Here’s how it works. You have an app called something like Mag Reader. When you open Mag Reader, it shows you a list of the latest works from your favorite publications, as well as ones that align with your interests, or the stories currently most talked about on social media.

Each story is listed with a small picture, headline, by-line, date, relevancy rating (just like Netflix’s customized recommendations), introductory teaser, and publisher name. Before clicking through, you can expand each one to see more art work, the first few paragraphs, who has recommended the story, links to similar stories, and what else the publisher has put out recently. If you feel the urge, you can even buy the magazine issue into which the piece has been bundled for paper consumption.

You have a profile page, just like you do on Spotify or Facebook, on which your most recently read stories are listed alongside the stories you recommend most highly. On your page, you can also list your favourite magazines and writers, along with your interests. Perhaps you even list all the readers you follow, Twitter-style. You can discover new stories through the social connections you have built around your profile, just like you do now through Twitter, Facebook, and Google Reader (people still use that, right?).

Each writer has a profile, too. Some writers will be affiliated with magazines; some will be independent. You can follow your favorite writers, so you’ll always know when they have a new story out. On his profile, a writer has a bio, links to his stories, and perhaps even a “works in progress” section that comes with a “donate” button, so readers can make financial contributions to stories they’d like to see materialize, Kickstarter-style.

Publishers have brand pages, as well, just like on Facebook. At each page, you can read about the magazine, check out the masthead, perhaps watch some behind-the-scenes footage, and maybe even subscribe to their bundled products.

Like Facebook and Spotify, Mag Reader can host third-party apps – such as Longreadsand The Atlantic’s Best of Journalism – that offer curated reading lists.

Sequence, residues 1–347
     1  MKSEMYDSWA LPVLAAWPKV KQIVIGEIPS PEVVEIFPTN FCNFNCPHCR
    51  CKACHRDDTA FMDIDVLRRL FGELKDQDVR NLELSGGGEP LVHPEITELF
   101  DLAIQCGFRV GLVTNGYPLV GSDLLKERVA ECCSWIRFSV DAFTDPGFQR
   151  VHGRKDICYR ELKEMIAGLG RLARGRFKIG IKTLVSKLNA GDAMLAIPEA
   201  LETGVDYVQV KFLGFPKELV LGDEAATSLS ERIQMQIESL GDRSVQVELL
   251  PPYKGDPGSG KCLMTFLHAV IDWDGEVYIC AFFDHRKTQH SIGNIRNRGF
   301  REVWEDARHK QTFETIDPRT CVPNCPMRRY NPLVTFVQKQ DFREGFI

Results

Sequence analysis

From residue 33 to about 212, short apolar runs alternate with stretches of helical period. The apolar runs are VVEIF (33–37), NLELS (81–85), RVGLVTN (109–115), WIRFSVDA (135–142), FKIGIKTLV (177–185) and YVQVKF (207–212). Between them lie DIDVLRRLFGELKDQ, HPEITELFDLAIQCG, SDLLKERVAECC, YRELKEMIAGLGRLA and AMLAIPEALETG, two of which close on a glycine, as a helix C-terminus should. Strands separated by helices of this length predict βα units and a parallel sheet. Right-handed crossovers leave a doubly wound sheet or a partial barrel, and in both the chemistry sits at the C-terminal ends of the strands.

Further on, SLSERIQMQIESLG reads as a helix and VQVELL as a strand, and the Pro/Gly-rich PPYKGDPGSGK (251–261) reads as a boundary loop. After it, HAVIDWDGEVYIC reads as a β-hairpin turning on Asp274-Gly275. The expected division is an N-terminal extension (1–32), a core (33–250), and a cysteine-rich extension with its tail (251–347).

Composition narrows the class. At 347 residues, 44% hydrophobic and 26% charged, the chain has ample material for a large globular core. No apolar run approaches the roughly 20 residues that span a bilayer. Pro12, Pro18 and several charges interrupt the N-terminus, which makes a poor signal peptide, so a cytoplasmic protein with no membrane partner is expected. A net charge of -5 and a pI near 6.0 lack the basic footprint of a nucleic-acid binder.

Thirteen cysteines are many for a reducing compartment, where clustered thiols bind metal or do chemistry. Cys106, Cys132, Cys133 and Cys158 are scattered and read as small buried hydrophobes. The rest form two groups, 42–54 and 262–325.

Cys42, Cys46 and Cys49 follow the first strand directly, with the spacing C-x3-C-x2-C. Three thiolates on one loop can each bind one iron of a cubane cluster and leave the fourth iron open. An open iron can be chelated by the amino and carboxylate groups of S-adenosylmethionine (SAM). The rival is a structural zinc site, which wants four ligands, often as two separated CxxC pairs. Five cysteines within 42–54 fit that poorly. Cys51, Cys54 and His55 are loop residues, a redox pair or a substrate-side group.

The story-reading experience is seamless and alive. You can highlight passages you want to make a note of, just like you can on the Kindle. You can look up specific words in a dictionary. Publishers can easily integrate multimedia into their stories. Writers can update their stories as new information comes to hand. On each story you can leave comments that will then, if you so choose, publish to your Facebook profile. You will be able to sort comments on the stories to prioritize the ones written by “Friends” or “Friends of Friends” (thanks, Roman Meytin, for that idea).

One commenter from Germany, who actually tried to launch a service similar to the one described in the article, summarized the experience of trying to herd cats publishers and get them to work together:

We presented our app to dozens of newspaper publishers and press agencies in Germany and we had around 20 of them joining our model as launching partners. But we realized very soon that this model was a failure.

Most newspapers, mainly the big and interesting ones, were not interested at all, they all wanted their OWN app in the AppStore. They did not want to promote an app that contains content from other newspapers. They did not want users to choose which article is interesting and which one is not. So, more or less all German newspapers launched their OWN apps, most of them never reached top 100 of the category news in appStore and – even more surprising – a lot of them are completely free or you have to pay an initial single payment of .79 €.